20 9 / 2011
CHEW-BOSE: Ok. So, let’s talk about Carey Mulligan. At first I was bit unsure of her as Irene…
REFN: Well, in the novel, she’s Hispanic…
CHEW-BOSE: You’ve mentioned that you see some hints of Molly Ringwald in her. You’re also going to work again with her. As a director, what draws you to her acting?
REFN: Working with her is terrific. She moved in to my wife’s and my house in Los Angeles and lived with us. So we became very close. She’s an amazing actress. I was meeting many other actresses, great actresses, for this role of Irene, but there was nothing for me that was clicking. And I didn’t know why because there was so much talent around me. And I never thought of Carey Mulligan for the movie. And it really came about that I got a call from her agent asking if I’d meet with her, and I hadn’t even seen any of her movies. My wife had seen An Education and so had my mother, and said it was very good. So I said, “Sure we can meet, come to the house.” Everybody had to come to the house. She came a few days later, and I was really confused, and irritated, and desperate why I couldn’t find Irene, because we were getting closer and closer to the start date. The minute she walked through the door, I said, “You’re it.”
CHEW-BOSE: What was “it” about her?
REFN: I knew that I would want to protect her. And she reminded me of my wife in a way, because she felt so pure that I could now, be the driver of the movie. I knew I could destroy anything around me to protect her.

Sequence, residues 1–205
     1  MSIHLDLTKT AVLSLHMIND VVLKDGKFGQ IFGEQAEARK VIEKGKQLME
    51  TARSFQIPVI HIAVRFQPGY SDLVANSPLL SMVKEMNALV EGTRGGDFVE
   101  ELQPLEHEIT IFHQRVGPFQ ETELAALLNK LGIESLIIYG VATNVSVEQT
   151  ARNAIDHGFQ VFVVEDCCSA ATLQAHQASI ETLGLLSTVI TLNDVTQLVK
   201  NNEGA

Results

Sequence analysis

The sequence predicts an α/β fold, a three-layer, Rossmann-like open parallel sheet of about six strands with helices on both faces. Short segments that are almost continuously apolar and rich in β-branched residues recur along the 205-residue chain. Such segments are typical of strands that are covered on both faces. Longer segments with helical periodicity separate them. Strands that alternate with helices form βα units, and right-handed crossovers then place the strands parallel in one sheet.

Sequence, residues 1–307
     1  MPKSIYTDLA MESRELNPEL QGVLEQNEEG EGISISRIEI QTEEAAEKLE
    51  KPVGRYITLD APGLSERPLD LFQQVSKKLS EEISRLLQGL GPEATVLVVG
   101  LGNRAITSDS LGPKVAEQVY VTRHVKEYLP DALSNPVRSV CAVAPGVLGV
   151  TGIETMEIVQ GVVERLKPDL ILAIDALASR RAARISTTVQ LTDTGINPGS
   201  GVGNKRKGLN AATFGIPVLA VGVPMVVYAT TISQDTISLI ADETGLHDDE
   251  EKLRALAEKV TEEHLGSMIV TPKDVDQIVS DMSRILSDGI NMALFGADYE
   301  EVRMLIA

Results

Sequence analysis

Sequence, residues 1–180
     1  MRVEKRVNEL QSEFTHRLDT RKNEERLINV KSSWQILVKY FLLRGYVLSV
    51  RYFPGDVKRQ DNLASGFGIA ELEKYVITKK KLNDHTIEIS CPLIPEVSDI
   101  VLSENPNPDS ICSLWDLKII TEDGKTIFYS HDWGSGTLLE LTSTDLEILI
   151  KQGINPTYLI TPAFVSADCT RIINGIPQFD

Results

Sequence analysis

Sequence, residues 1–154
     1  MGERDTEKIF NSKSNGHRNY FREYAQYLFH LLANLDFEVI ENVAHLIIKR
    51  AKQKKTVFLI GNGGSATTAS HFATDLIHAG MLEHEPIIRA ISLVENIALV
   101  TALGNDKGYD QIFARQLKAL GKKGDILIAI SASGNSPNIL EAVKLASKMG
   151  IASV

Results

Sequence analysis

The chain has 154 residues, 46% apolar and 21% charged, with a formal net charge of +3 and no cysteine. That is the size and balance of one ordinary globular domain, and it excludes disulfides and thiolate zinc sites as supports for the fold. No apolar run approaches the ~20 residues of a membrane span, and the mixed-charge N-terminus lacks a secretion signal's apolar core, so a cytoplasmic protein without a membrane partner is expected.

CHEW-BOSE: Speaking of destruction, in a New York Times piece from a couple years ago, you spoke about what filmmaking used to mean for you. You likened making a movie to punk rock; a reason to destroy everything.
REFN: Yeah, it had to be a destructive medium. Pure nihilism.
CHEW-BOSE: And now you no longer feel that way…
REFN. I don’t. Thank God.
CHEW-BOSE: What do you think changed?
REFN: Well in the beginning, you use art as a destructive medium. It’s there to hurt people. But then I went bankrupt and had my first child, and I realized that art was not to hurt but to inspire. And you can get so much more out of it if you look at it like that. So when I made Bronson, I was actually making a movie about my own life.
CHEW-BOSE: A closeness to his decades in solitary confinement?
REFN: I was stuck in solitary confinement.
CHEW-BOSE: And with Drive?
REFN: It’s about how much I love my wife and what I would do for her.
CHEW-BOSE: Does she know that?
REFN: I think she suspects it."